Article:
- Johnson, who was severely-ill with Covid-19 back in April, announced on Sunday that he was self-isolating at his official residency.
- The timing of the self-isolation is difficult, however, as he is due to reveal a host of new policies this week.
- Johnson is also under pressure over Brexit as talks with the European Union drag on.
LONDON — U.K. Prime Minister Boris Johnson is self-isolating after coming into contact with someone who tested positive for the coronavirus, but it comes at a tricky time for his leadership, amid a reboot of government policies and as Brexit talks drag on.
Johnson, who was severely-ill with Covid-19 back in April, announced on Sunday that he was self-isolating at his official residency. The U.K. asks people who have been in contact with a positive case of coronavirus to self-isolate for 14 days.
"I'm in good health and have no symptoms, and will continue to lead on our response to the virus," Johnson said on Twitter on Monday.
The timing of the self-isolation is difficult, however, as he is due to reveal a host of new policies this week. The reboot, which is expected a include more environmentally-friendly policies, comes after the departure of key political advisor Dominic Cummings, who had a leading role in Johnson's successful Brexit campaign. Communications director Lee Cain also left the team last week.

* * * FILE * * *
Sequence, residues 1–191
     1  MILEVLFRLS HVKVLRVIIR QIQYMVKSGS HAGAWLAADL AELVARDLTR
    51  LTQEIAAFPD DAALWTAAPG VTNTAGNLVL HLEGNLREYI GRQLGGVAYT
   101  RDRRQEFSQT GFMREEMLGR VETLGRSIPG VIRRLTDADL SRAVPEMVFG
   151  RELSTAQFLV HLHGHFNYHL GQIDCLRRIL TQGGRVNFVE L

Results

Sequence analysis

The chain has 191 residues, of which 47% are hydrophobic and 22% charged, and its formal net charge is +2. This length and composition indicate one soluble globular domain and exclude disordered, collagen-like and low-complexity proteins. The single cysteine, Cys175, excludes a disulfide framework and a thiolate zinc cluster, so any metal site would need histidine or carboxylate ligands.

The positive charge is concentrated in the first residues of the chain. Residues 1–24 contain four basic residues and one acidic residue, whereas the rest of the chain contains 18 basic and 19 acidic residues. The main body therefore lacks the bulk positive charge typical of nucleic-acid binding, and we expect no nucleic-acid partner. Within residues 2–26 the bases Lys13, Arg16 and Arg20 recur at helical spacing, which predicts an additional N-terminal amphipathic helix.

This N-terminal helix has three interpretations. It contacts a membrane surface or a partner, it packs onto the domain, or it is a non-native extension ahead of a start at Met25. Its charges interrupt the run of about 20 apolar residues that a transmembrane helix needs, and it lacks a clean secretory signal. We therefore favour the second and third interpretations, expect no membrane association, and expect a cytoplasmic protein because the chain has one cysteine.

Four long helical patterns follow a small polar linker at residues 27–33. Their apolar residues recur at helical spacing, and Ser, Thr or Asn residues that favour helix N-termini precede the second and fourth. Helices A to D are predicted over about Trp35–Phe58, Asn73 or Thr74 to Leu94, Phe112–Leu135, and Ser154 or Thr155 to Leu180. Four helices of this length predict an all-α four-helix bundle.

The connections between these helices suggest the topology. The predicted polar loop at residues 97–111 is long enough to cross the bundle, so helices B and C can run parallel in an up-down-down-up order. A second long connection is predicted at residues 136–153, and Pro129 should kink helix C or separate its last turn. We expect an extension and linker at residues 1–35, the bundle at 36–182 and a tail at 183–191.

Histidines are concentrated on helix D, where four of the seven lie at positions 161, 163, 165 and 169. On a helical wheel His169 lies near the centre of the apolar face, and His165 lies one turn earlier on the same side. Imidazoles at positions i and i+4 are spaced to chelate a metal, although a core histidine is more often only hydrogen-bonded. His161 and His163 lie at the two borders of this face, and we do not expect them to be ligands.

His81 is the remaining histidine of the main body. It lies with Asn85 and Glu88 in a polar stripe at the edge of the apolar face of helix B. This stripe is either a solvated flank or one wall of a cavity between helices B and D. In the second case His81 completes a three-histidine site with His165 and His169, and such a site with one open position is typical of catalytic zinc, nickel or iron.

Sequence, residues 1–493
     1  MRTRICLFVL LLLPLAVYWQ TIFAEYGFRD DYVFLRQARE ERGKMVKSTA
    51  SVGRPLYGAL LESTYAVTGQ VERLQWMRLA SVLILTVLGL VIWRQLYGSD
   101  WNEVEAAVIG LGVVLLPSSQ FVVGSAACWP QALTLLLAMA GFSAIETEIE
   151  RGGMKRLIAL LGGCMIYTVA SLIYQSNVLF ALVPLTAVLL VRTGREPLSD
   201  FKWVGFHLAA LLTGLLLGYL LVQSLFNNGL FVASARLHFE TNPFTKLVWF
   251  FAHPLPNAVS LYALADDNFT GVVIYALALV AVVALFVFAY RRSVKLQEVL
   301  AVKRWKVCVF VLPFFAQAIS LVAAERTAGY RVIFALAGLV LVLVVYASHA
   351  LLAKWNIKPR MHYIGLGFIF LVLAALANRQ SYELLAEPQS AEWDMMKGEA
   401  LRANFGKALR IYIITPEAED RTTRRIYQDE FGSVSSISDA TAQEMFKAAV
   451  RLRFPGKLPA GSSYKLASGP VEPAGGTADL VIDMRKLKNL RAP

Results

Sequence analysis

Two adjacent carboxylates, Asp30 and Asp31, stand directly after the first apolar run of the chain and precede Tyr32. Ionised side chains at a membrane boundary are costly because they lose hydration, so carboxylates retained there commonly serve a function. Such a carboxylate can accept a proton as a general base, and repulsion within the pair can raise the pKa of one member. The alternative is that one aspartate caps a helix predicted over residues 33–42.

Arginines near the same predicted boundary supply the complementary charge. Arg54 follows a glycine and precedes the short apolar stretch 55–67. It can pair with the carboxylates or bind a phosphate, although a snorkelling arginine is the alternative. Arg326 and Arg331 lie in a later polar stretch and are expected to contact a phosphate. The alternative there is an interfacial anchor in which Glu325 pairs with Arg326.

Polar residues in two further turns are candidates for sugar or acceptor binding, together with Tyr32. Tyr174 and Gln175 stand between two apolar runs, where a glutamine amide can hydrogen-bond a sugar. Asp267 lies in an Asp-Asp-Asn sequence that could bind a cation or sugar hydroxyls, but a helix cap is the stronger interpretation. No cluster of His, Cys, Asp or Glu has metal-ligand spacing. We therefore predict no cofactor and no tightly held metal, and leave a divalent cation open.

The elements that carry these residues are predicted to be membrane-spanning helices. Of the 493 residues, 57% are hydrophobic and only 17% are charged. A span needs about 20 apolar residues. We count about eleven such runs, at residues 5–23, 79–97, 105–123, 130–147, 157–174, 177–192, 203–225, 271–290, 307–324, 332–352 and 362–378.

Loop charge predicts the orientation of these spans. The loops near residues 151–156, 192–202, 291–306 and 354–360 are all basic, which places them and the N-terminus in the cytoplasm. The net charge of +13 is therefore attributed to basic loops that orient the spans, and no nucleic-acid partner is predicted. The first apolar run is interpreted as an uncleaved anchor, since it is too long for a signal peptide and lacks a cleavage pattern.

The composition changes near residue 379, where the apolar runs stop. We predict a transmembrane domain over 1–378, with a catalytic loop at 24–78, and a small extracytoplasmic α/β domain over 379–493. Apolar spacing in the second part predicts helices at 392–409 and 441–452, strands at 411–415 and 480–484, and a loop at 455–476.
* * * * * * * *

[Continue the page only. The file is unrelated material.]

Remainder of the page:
The prime minister was due to attend a key parliamentary session on Wednesday, but this may now happen via a virtual call.
"I'll have plenty more to say in the course of the next few days … by Zoom and other means of electronic communication," the prime minister added.
Johnson is also under pressure over Brexit as talks with the European Union drag on.
"Cummings' departure will facilitate an agreement (with the EU)," Mujtaba Rahman, managing director of the consultancy firm Eurasia Group, told CNBC's Street Signs on Monday. "He was a key proponent of a hard line against the EU. (He) has been pushing for maximum flexibility on the question of state aid and the government not signing up to level-playing field commitments with the EU."
U.K. and EU negotiators are gathered in Brussels for more talks on their future relationship this week. The U.K. voted to leave the EU in 2016 and exited the bloc in January. However, it is currently in a transition phase until December while looking to establish new trade rules with the 27 EU countries.
Their negotiations have been stuck for months on key differences over fishing rights, competition rules and governance over their future deal. Failure to bridge these differences by the end of the year will mean no trade agreement, and higher costs for exporters on both sides.
"Both are going to have to give a little," Rahman said. "I don't think there will be a deal this week," he added, but said a deal was possible later this month. Valentin Marinov, head of G10 forex research at Crédit Agricole, also told CNBC on Monday that he expects a deal before the end of the year.
The U.K.'s chief Brexit negotiator David Frost said on Sunday that there had been "some progress in a positive direction in recent days," adding that talks might still collapse and therefore businesses should prepare for potential disruption in January.
The British pound was hovering around $1.317 on Monday morning. The currency is currently trading around the level it was at the start of the year, after a massive plunge in March in the wake of the first coronavirus wave in Europe.